The true extent of that business is unknown. But the clues are everywhere if you dare to look closely enough. There’s the new promotional groups with money trails leading straight back to Kinahan, and other promoters, based in the UK, who can stage events with multiple championship 12-rounders on the same bill without TV backing. Look, too, at certain members of the media and who they choose to interview and the stories they decide to ignore, the familiar faces making the same old noises, and the mixing and matching of company names. What’s infuriating some is that those who championed Kinahan, only to go all sheepish last year, are now not being forced to lie in beds of their own making. Instead, they flaunt the mansions his money helped to build.
But not everyone who once helped is still keen to continue to do so. “There’s a lot of people within boxing who are waiting for him to be arrested and then their problem is taken off their hands,” Tallant said. “I think that people are really afraid of him, they’re terrified of him and with good reason. He’s capable of anything so when he’s behind bars, be that in Ireland or the US, I think it would solve a lot of people’s problems.”
The problems are not purely of Daniel Kinahan’s making. They speak of a failure from boxing authorities – namely commissions and governing bodies – to create a suitable barrier for entry. Tallant says it best: “He was let in the door and allowed to put his feet up.”
The gates are still open. There is nothing to stop the next Daniel Kinahan strolling in and making himself at home, it’s true. But even though boxing authorities are unable or unwilling to keep track, Tallant is sure that the real authorities have been watching very carefully.
On Monday June 5, Liam Byrne, a man known as Kinahan’s ‘key lieutenant’, was arrested in Spain. The net would appear to be closing in and those who had dealings with Kinahan in the past may soon regret them, regardless of the riches accrued.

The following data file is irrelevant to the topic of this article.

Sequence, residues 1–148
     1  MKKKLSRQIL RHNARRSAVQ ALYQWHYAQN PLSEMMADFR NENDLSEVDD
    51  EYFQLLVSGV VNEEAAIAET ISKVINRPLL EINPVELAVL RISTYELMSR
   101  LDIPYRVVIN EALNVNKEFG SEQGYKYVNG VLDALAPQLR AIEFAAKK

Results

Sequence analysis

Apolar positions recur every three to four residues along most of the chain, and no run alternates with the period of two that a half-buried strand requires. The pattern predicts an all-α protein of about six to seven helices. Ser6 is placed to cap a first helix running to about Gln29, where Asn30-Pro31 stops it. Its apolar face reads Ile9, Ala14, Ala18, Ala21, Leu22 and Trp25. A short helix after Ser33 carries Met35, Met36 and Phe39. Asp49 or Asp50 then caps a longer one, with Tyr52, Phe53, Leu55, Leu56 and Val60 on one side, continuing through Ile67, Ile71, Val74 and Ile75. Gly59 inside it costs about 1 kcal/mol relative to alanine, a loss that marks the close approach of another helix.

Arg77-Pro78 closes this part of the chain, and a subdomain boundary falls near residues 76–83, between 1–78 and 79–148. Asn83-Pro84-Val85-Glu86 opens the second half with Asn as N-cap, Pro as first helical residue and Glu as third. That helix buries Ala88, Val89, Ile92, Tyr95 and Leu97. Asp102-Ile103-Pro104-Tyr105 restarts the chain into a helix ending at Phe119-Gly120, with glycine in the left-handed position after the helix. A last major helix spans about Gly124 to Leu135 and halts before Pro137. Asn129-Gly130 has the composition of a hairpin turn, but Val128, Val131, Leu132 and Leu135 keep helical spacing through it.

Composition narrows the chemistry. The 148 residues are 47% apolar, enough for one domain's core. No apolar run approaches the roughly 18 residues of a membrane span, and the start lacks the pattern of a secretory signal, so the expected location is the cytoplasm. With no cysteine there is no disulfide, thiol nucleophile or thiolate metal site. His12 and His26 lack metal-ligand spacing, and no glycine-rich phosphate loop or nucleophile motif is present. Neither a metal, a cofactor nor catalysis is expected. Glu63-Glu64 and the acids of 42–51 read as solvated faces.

“I would suspect there’s a lot going on in regard to money laundering in boxing,” Tallant explained. “They think they may have got away with this because they feel untouchable, they feel above the law. People who are corrupted by drug money, maybe the first time they get a wad of cash they have never had before they feel a tinge of something, maybe not guilt, but something. But the more used to it they get, it becomes the norm to them. They start to feel like they deserve it, that they’ve earned it. It’s the only way you can live with it.
“When the Kinahans left Spain to move to Dubai, they couldn’t bring everything with them,” Tallant went on. “Their money, their land, their properties, all of that, is based in Spain. There’s a huge amount of people based there who are working for them there. The boxers, or those within boxing, who have done the same – laundered money for them – will undoubtedly be targeted by the police.”
Those who sang Kinahan’s praises the loudest will have been the ones who draw the most attention. Tallant would not be surprised to see some key figures in boxing soon face arrest. “It can be a slow process and you feel like they’ve got away with it,” she said. “But the police are not going to let them walk away.”